Current theory, policy, and practice of lifelong learning are strongly influenced by ideas about the transformations that are taking place in contemporary societies. One influential set of ideas emphasizes that because of the rapid changes that are taking place in the (late-) modern world and because of the erosion of traditions, there is a constant need for individuals not only to learn new skills and knowledge in order to be able to adjust themselves to the changes, but also to reflexively (re)construct one’s self. Anthony Giddens has referred to this as the “reflexive project of the self.” It thus becomes a lifelong learning task. In this paper we raise some critical questions about Giddens’s views and their implications for lifelong learning. On the one hand we show, using ideas from Charles Taylor, that the construction of the self does not necessarily have to be understood in the reflexive and individualistic terms suggested by Giddens. With Taylor we argue for the importance of the social, moral, and intersubjective dimensions of the construction of the self. Against this background we then discuss ideas from Confucianism that also highlight the social, moral, and intersubjective dimensions of understanding the self. The latter view is not simply a theoretical option but actually continues to influence the ways in which a large part of the world population views their lives and their selves. Both for theoretical and practical reasons we therefore suggest that there is a need to take a broader outlook on what the personal dimensions of lifelong learning in contemporary society might look like.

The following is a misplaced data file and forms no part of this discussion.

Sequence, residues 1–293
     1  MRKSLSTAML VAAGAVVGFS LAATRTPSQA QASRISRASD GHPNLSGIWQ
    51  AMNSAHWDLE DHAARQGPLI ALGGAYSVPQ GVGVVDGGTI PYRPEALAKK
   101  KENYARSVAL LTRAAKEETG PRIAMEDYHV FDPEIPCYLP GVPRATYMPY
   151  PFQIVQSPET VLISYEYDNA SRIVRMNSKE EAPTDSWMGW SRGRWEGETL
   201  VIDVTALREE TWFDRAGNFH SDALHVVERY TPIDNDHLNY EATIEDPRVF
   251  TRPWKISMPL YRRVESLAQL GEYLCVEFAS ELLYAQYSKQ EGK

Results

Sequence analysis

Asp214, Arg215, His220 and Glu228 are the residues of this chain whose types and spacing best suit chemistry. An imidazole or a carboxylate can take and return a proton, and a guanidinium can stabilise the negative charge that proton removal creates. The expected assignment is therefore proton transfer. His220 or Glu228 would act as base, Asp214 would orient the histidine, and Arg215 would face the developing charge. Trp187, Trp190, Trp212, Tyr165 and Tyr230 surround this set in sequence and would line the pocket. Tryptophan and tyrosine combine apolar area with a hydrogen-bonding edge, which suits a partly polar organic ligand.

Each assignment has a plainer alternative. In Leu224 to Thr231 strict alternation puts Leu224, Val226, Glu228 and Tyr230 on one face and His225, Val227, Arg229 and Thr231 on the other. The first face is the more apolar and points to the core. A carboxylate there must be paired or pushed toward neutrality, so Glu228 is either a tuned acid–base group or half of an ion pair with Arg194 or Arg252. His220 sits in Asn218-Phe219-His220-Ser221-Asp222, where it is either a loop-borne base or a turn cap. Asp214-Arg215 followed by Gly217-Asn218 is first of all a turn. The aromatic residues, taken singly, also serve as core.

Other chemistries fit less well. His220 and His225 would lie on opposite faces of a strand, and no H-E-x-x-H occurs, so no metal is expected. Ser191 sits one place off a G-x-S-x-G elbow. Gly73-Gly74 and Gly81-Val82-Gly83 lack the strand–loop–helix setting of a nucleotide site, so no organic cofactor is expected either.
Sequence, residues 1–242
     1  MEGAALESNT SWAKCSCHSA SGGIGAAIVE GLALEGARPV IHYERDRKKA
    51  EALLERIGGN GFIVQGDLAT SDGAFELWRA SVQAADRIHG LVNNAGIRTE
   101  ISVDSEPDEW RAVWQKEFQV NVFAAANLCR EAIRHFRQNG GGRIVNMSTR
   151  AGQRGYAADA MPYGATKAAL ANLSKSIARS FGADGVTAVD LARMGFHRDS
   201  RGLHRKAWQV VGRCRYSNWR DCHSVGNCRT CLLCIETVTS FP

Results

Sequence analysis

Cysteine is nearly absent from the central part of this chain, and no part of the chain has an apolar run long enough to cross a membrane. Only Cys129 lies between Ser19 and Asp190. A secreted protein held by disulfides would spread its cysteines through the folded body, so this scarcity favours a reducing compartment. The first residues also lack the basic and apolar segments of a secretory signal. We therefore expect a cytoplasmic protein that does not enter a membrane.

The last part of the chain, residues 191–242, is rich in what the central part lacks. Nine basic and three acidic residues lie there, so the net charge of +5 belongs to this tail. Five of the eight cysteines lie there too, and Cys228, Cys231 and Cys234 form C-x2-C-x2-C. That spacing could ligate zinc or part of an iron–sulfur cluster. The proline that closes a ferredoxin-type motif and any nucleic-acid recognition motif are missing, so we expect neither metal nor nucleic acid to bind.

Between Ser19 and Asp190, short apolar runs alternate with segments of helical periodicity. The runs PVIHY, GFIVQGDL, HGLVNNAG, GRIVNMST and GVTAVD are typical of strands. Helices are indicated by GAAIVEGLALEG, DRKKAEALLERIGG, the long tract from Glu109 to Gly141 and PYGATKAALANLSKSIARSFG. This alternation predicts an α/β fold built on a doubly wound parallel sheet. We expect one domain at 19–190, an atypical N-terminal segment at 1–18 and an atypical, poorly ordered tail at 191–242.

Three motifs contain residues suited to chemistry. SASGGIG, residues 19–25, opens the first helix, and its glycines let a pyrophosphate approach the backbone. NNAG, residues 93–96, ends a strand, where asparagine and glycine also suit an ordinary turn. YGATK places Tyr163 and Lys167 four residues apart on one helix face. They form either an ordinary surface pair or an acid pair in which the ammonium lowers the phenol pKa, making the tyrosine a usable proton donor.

Lifelong learning self identity late–modernity morality ethics individualism West East Confucianism